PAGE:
May 17, 2020

Beijing Sichuan Guangdong

Pin It

Hello Kitty was having lunch with Little Rabbit at China Tang (唐人館), and I was told that they would be having some Sichuanese dishes... which kinda boggled my mind.  What is an ostensibly Cantonese restaurant serving up spicy Sichuanese food?  Did I want to join them?  Well... not if it's gonna be all spicy stuff.  Then came the sweetener that closed the deal: we could order up the now-famous Peking duck if I joined them...

I've been to China Tang thrice over the years, although someone else has always footed the bill each time.  My three visits were also made with three different head chefs in the kitchen, and on this fourth visit there would be yet another chef helming the kitchen.

But what made this place a popular destination lately isn't even remotely Cantonese.  In a bid to drum up business during these difficult times, all of Uncle Peter's outlets have taken to offering large discounts of 30%.  I even had a bone-in ribeye at half price a few weeks ago.  Here, though, they decided to bring diners in the door with a loss leader - a roast Peking duck for all of HKD 198.  I can't tell you how many of my friends have taken advantage of this, and it keeps popping up on my social media feed.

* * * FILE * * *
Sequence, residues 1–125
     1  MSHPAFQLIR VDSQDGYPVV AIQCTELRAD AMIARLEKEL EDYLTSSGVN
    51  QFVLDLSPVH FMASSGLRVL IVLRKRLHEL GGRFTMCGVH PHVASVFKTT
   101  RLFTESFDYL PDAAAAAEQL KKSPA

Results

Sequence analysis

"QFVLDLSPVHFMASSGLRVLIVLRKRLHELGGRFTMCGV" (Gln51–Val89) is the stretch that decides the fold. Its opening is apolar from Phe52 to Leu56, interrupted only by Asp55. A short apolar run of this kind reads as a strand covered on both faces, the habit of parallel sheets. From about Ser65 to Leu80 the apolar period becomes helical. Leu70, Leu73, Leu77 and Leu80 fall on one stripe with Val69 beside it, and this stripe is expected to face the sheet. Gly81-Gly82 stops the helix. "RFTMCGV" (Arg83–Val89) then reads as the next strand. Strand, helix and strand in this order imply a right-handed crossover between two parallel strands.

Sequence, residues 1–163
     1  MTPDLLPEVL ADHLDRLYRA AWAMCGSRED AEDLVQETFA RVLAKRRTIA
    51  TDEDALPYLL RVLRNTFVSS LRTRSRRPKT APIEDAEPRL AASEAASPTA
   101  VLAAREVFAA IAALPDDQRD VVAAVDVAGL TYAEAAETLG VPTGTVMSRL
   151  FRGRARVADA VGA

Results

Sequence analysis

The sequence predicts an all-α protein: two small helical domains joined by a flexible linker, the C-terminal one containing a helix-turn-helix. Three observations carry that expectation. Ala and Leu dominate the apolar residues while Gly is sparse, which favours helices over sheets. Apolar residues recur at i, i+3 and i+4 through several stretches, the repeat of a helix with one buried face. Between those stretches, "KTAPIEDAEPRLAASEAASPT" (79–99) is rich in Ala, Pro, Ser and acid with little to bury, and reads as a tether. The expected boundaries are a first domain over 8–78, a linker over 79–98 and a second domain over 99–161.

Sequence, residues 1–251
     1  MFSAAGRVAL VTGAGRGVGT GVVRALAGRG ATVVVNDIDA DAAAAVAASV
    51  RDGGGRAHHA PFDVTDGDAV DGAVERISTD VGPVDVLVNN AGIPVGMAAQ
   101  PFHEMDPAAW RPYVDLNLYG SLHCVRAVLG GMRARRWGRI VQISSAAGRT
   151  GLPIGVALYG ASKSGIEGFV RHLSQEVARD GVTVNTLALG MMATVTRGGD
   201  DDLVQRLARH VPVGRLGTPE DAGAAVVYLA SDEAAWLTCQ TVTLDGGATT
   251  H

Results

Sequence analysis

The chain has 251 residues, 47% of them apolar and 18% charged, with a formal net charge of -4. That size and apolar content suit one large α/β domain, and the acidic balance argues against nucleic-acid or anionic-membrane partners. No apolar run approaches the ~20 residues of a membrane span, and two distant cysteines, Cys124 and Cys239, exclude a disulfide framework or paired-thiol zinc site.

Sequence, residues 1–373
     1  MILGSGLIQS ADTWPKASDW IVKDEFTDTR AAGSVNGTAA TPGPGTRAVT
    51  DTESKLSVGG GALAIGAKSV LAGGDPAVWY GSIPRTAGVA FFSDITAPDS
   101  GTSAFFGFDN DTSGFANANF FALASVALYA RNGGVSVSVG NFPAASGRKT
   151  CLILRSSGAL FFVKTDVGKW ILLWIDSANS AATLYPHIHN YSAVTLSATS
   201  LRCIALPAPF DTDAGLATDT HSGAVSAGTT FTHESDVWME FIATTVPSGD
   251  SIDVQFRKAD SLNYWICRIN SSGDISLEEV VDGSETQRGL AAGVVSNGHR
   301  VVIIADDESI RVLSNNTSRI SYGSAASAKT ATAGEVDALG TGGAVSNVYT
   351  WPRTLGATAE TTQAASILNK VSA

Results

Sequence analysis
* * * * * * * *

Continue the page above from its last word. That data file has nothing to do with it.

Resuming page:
So here I am... finally taking advantage of this incredible offer myself.  Little Rabbit had asked the chef to propose a menu for us, so all I had to do was to bring my appetite.

Marinated peanut sprouts (涼拌花生芽) - these are always fun... While we're used to having sprouts of soy beans or mung beans, peanut sprouts are decidedly less common.

Marinated tomato, mustard sesame sauce (胡麻醬拌鮮黑蕃茄) - pretty surprised at the quality of the tomato, which was very sweet.

Barbecued pork, honey sauce (唐人館叉燒) - not bad lah... These days my standards for char siu is pretty damn high, so you really gotta knock it out of the park to impress me.